You see how those two examples are different? Even though there isn’t an absolute, defining definition of what makes a person an employee, it’s sort of like Justice Potter Stewart’s famous quote about obscenity, “…I know it when I see it.”
I work with a lot of clients who are classified as 1099 contract laborers but should be labeled as employees. Most of them will never file a complaint with the IRS for fear of losing what jobs they do have, so employers have been pretty safe up until now. But the IRS isn’t stupid (Yes, I put that in writing). If I can look at a 1099 MISC and figure out that the person is really an employee instead of contract labor, the IRS is able to set up a computer screen and they’re going to be able to target suspicious 1099s as well. Did I mention, they’ve been updating their equipment? Faster, stronger, better—it’s like the $6 million man but more expensive.
So how do the people you hire stack up? If you’re paying people as employees, and properly paying your withholding taxes, then you’ve got nothing to worry about. If you’ve got employees but you’re paying them as contract labor it’s time to take a good hard look and decide if you’re doing the right thing. Using the common law test of “direct and control” are these people really contract labor or should you reclassify them as employees? If they should be called employees, you’ll want to find out more about the Voluntary Classification Settlement Program.
The VCSP has a whole list of requirements and there will be costs attached. Although that’s a little scary, it’s much better than the costs associated with an audit over your worker classification. To find more information about the VCSP, here’s a link to the IRS website: http://www.irs.gov/businesses/small/article/0,,id=246013,00.html
It’s perfectly legal to hire contract labor—it’s a very normal, regular part of business and many businesses couldn’t function without it. When you cross that line, when you’re really hiring employees but you’re just calling them contract labor to avoid paying payroll taxes– that will get you into trouble.
With the economy being in turmoil, a lot of people are turning to contract labor jobs. That’s where the company doesn’t hire you as a regular employee, even though you work for it. You won’t receive a W2 at tax time, but you will receive a form 1099MISC and you will be expected to pay tax on that.
Contract labor is good for employers who are a little gun shy over hiring. It’s also good for employees who may need to work to put food on the table, but don’t want to commit to a job that they wouldn’t ordinarily take.
If you’re thinking about accepting a contract labor type job, here’s a few things you should know. First, when you receive a form 1099MISC, the IRS treats that as self employment income. That means, at tax time you’re going to have to file a Schedule C along with your 1040 long form. You will be required to pay your own Social Security and Medicare taxes, in addition to paying what your employer would normally have withheld.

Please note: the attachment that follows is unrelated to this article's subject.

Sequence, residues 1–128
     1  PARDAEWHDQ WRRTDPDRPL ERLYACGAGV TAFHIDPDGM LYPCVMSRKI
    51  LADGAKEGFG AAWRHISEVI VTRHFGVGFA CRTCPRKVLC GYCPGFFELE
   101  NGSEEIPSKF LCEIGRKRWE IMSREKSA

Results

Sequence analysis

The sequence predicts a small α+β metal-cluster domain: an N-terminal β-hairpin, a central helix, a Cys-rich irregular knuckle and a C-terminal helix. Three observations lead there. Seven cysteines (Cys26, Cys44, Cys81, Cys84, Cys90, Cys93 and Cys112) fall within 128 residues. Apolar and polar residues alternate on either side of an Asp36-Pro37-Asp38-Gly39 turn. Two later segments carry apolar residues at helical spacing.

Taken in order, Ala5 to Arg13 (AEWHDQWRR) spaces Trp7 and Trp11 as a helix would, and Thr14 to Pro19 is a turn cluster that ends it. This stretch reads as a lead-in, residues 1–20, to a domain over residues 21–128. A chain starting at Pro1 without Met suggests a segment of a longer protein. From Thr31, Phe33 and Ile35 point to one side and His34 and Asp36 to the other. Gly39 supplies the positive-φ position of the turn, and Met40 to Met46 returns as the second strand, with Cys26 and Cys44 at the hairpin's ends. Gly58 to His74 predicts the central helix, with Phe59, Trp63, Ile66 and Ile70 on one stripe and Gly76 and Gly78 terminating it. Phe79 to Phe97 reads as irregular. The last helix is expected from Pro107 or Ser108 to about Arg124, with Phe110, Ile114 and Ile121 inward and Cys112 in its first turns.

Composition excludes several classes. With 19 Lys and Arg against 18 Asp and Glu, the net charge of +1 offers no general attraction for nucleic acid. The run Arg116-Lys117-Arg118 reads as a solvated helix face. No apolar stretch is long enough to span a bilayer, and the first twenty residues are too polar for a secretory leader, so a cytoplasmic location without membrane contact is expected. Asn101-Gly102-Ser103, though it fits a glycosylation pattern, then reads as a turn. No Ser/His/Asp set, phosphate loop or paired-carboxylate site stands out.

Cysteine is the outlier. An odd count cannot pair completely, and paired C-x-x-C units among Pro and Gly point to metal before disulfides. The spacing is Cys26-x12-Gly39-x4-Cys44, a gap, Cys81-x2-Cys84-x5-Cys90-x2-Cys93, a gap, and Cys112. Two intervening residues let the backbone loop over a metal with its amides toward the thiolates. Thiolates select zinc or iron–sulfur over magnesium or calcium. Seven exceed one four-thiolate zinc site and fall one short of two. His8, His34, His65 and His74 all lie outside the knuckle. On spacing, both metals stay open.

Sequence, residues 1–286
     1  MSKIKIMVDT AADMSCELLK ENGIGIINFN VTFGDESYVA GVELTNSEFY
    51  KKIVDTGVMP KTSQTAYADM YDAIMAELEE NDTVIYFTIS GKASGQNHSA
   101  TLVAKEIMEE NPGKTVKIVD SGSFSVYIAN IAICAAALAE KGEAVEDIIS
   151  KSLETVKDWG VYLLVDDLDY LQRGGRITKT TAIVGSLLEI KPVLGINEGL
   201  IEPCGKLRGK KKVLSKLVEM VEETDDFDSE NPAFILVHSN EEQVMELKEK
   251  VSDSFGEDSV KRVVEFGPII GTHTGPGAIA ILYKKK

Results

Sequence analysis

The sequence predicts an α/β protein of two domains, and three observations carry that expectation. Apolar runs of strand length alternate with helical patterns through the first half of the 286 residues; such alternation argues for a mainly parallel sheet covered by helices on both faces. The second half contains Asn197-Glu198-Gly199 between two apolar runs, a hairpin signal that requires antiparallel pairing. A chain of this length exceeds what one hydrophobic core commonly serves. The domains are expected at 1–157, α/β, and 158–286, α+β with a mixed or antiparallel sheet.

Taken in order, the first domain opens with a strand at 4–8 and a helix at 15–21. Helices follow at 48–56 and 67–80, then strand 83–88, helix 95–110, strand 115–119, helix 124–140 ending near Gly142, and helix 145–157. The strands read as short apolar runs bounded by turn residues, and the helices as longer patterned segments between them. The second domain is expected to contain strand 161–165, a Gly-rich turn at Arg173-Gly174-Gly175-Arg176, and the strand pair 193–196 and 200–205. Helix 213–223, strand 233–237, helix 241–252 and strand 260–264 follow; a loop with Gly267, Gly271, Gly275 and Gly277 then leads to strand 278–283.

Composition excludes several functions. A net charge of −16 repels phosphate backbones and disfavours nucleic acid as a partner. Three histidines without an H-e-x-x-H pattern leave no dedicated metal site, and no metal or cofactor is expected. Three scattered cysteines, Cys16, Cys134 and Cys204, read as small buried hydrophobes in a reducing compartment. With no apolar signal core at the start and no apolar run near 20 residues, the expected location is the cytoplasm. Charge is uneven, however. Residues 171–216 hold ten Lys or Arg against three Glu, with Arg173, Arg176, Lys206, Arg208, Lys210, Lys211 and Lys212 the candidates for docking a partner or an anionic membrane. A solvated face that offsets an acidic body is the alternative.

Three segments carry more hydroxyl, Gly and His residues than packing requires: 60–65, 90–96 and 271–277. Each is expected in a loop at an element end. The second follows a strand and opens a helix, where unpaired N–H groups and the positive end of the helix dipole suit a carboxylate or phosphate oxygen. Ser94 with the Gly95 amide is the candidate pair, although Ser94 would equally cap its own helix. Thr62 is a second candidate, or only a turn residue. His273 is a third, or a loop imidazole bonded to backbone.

Let’s use an example: Heather and Melanie are both high school seniors looking for summer jobs. Heather gets a job at McDonald’s making $10 an hour. Melanie gets a contract labor position also making $10 an hour. They both work 20 hours a week. Since this is the only income the girls will make all year, we’re not even going to look at regular income tax (they won’t owe any) we’re just going to look at their take home pay and self employment taxes.
Since Heather works as an employee, McDonad’s is required to withhold her Social Security and Medicare taxes (FICA). Heather makes $200 a week, but she’ll only take home $184.70 because McDonald’s will hold back $15.30 to pay her FICA. What most people don’t realize is that in addition to the money McDonald’s holds out of Heather’s paycheck, McDonald’s also pays an additional $15.30 towards Heather’s FICA. At the end of 12 weeks, Heather will have $2,216.40 that she was paid by McDonald’s. She will owe no income tax at the end of the year.
Now let’s look at Melanie. As a contract laborer, Melanie has no FICA withheld from her pay. For one week, she gets a check for $200. At the end of 12 weeks, she’ll have been paid $2,400. The difference here is that Melanie will have a tax bill of $339 that she’ll owe at tax time. After paying her taxes, Melanie will only have cleared $2,061.
[Geek alert: if you checked my math, you'd say. "but 2400 times 15.3% is $367" -and yes, you're right. The first $433.13 of self employment income isn't taxed so the actual equation is income x .9235 x .153.]
In our example here, it’s better to be hired as an employee because the company pays half of your payroll taxes. But that doesn’t mean that you should not take that contract labor job. For one thing, you may be able to write off some of your job expenses, which would reduce your self-employment taxes. Or, you might negotiate a higher hourly wage rate. An increase of 7.65% would basically cover the additional tax paid by the employer. Knowledge is power. Knowing how you’ll be taxed and how much you’ll be taxed let’s you make smart decisions.